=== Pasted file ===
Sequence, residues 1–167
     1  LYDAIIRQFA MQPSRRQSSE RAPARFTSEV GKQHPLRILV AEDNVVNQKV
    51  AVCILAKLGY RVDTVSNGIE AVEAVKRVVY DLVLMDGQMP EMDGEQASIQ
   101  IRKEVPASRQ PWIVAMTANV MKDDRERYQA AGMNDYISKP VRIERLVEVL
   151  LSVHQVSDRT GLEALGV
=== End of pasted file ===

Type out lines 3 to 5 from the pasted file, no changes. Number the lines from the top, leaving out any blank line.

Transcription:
    51  AVCILAKLGY RVDTVSNGIE AVEAVKRVVY DLVLMDGQMP EMDGEQASIQ
   101  IRKEVPASRQ PWIVAMTANV MKDDRERYQA AGMNDYISKP VRIERLVEVL
   151  LSVHQVSDRT GLEALGV